Indian kids stun Manchester City and Barcelona as they dominate Mina Cup

‘Hopefully one of these guys will be the next Mohamed Salah,’ says head of champion Minerva Academy side

Beta V.1.0 - Powered by automated translation

The first Mina Cup youth football tournament in Dubai included sides bearing the names of Barcelona, Manchester City and La Liga.

It attracted champion teams from Mexico, the UK and Austria. Some of the players involved had been hand-picked and coached by the former Real Madrid Champions League winner Michel Salgado.

And yet the most dominant side anywhere in it were a set of kids from India, all of whom were making their first trip outside of their home country, having secured passports especially for it.

On the opening day of the Under 12 event, Minerva Academy, from India’s Punjab region, trounced Barcelona Academy.

In Monday night’s final in Jebel Ali, they thrashed Dubai-based La Liga Academy 4-0. In between, they did not concede a goal.

“I cannot believe we have won a tournament involving Barca, La Liga, Man City – it doesn’t feel like real life,” said Yoihenba Khwairakpam, Minerva’s goalkeeper.

“This is my first time outside India. When we were leaving, I was feeling nervous and excited that I was going outside our country and playing for our nation.

“We have the India flag on our shirt and we feel like we are representing our country as well as our academy.”

Mina Cup winners

Under 12 – Minerva Academy

Under 14 – Unam Pumas

Under 16 – Fursan Hispania

Under 18 – Madenat

Khwairakpam, who was first introduced to the game and the wonders of Cristiano Ronaldo by his father who was also an ex-footballer, is from Manipur, one of India’s football hotbeds.

The players are scouted from five regions in the country, with 90 per cent of the academy’s current intake originating from India’s north east.

“Football is a unique sport and I love it very much, especially when we play a tournament with the support we get,” said Ishan Saikia, a 10-year-old who has been with the Minerva Academy for three years after moving from his home in Assam.

“We feel like we are playing for our country. In cricket, you can hit the ball with the bat, but it is not like scoring a goal in football, or when the fans scream, ‘goal!’ We are very proud to win.”

In all, the tour to Dubai – including the administration of passport applications for all the players - cost the academy around $30,000.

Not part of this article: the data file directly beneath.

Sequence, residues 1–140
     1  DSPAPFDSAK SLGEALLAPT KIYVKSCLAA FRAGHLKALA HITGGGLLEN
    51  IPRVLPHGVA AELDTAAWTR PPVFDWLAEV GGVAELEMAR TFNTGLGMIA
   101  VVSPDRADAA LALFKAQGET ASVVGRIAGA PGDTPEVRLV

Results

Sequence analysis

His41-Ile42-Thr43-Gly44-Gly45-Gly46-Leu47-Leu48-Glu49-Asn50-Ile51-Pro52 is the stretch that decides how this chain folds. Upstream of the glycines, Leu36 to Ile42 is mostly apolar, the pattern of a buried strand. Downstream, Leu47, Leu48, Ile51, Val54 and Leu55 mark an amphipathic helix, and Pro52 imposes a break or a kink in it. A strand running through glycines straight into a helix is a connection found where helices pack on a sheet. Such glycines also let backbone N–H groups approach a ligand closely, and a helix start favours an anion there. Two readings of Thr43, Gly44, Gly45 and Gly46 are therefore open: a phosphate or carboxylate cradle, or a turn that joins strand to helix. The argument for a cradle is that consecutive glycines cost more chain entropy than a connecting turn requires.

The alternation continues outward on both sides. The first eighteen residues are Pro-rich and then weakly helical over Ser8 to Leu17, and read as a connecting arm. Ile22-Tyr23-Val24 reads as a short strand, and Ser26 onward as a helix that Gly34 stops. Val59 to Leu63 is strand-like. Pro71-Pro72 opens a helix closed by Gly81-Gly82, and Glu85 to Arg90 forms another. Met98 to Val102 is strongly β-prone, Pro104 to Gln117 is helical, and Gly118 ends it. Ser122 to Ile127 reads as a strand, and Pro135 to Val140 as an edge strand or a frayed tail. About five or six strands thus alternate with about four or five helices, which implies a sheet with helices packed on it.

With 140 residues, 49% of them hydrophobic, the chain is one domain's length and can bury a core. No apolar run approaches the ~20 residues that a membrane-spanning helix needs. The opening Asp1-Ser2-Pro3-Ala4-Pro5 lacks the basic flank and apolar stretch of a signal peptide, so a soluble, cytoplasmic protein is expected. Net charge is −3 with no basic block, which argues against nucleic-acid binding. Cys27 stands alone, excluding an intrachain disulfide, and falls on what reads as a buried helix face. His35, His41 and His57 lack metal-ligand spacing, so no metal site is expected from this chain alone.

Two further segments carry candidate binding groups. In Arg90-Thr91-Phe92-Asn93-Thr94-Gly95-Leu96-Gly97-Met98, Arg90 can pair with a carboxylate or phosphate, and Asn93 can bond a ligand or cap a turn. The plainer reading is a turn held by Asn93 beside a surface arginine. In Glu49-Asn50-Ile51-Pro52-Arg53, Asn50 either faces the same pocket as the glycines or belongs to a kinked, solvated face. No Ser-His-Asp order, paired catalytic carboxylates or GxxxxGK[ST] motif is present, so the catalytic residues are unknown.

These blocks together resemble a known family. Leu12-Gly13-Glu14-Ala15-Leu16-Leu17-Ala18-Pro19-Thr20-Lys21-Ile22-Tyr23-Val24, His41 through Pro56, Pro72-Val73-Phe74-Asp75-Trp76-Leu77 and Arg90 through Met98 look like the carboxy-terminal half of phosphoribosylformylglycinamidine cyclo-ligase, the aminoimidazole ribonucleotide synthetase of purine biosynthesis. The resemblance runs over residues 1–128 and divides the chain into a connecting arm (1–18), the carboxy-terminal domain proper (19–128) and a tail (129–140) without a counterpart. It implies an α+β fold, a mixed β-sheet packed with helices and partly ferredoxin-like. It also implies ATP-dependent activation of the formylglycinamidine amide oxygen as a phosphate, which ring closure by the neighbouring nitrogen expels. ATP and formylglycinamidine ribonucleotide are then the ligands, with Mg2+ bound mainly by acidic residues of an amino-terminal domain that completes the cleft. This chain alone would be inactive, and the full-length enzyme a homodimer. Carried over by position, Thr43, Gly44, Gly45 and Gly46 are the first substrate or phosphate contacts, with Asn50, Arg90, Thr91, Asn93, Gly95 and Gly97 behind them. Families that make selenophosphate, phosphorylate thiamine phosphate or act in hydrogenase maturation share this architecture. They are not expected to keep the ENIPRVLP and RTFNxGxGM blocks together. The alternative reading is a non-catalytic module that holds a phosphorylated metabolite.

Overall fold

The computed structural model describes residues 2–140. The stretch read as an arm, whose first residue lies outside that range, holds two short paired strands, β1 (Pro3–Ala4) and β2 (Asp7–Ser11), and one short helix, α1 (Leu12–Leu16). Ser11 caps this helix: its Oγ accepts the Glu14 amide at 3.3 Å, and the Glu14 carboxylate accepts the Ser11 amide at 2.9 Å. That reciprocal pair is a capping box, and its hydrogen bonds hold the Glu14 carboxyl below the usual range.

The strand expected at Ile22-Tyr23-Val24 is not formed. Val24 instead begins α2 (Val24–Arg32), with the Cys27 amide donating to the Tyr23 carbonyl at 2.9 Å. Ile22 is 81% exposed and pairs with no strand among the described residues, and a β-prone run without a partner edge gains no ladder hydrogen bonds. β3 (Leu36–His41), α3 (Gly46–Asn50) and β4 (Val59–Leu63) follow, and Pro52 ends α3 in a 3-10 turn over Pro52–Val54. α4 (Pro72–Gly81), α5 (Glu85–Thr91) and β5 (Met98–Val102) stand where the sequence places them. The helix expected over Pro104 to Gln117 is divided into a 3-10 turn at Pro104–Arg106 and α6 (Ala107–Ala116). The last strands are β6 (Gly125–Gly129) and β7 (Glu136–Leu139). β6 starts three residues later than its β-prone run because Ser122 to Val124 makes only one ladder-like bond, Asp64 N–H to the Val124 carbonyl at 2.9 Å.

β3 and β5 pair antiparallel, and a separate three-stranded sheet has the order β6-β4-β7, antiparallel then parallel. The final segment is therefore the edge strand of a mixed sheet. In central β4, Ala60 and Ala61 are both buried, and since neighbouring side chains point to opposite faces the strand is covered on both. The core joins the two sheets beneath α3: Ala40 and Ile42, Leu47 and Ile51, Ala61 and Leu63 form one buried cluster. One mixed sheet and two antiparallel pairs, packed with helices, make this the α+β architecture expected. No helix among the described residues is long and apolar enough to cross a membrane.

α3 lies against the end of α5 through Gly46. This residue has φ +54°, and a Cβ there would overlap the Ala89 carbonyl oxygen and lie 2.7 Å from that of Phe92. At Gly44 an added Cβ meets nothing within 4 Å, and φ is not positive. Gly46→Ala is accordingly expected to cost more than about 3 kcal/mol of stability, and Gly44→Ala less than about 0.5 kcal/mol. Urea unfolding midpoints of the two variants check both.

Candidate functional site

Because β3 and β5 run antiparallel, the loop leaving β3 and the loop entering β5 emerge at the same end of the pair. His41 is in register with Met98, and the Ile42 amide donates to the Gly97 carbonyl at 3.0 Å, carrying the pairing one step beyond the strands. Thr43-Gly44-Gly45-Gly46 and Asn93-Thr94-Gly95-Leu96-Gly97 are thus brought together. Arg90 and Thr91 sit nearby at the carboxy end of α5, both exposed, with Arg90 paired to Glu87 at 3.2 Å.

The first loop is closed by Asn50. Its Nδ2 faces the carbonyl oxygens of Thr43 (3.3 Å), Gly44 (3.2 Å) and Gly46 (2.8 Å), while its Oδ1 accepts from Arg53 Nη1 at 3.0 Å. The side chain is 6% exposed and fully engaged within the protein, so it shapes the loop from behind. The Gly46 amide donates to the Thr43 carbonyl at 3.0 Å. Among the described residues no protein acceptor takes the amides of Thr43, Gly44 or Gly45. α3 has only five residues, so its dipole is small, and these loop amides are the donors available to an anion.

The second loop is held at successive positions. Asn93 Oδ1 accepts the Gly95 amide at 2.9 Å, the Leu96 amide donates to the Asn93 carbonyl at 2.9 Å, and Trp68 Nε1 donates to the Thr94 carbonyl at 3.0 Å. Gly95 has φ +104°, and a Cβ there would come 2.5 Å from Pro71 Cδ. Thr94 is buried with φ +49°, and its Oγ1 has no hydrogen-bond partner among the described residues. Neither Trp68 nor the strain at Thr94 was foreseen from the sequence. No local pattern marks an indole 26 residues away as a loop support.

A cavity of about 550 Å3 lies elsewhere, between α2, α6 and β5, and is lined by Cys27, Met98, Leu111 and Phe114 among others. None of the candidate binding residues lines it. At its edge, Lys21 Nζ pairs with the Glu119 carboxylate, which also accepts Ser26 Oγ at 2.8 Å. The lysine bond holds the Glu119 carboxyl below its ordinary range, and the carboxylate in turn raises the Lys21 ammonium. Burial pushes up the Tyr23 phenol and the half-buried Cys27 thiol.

A crowd funding campaign brought in around $1,000 of that, with the academy’s owner, Ranjit Bajaj, covering the remaining costs.

“The only difference between us and the other teams is these guys are on 100 per cent scholarships,” Bajaj said.

“They don’t pay even one single rupee. We take care of their food, stay and education. That is my personal dream.

“It is about getting India to the World Cup in 2034. It is a 15-year plan, and it is two years old.

“All the money I earn from my business, I put in here. There is no profit coming in. But hopefully one of these guys will be the next Mohamed Salah.”

It is about getting India to the World Cup in 2034. It is a 15-year plan, and it is two years old
Academy owner Ranjit Bajaj

Bajaj said his academicians are taught the methods of top European football sides from the age of seven.

“If you give Messi the ball for the first time at the age of 40, he will never be Messi,” Bajaj said.

“You have to start young. The reason you saw the difference in standard in this tournament is because these boys play all day with senior players, and they have been doing so since they were eight, nine, 10.

“This is unlike any football ever seen in India before. In terms of the way they play, what you see here is exactly what you see in top European clubs.

“If we keep doing this, you don’t need 1.3 billion people, you just need the right 30. Work on them, give them exposure every year, and we will get there. We have won a lot of national titles back at home, but I don’t think that is legacy.

“Legacy is getting your team to the World Cup. We are really far behind, and this is the only way we can catch up.”

Minerva Academy’s home base is a 25-acre campus in Punjab, with three full-size football fields, seven for seven-a-side, a gym and rehab and physiotherapy department.

He says, though, that his players have had their eyes opened by what they have seen at the Mina Cup.

“We play on natural grass at home, but these facilities here are world class,” he said of the Jebel Ali Centre of Excellence.

“That gives such an uplift to our players. Why? Because they know if they make it in life, this is what is waiting for them.

“The hunger for someone who is in Dubai or someone in Europe is not so great because they are used to this lifestyle.

“For these players, it is heaven. They have never been to these sort of facilities, or anywhere close to this.”

Updated: April 12, 2022, 9:07 AM
Mina Cup winners

Under 12 – Minerva Academy

Under 14 – Unam Pumas

Under 16 – Fursan Hispania

Under 18 – Madenat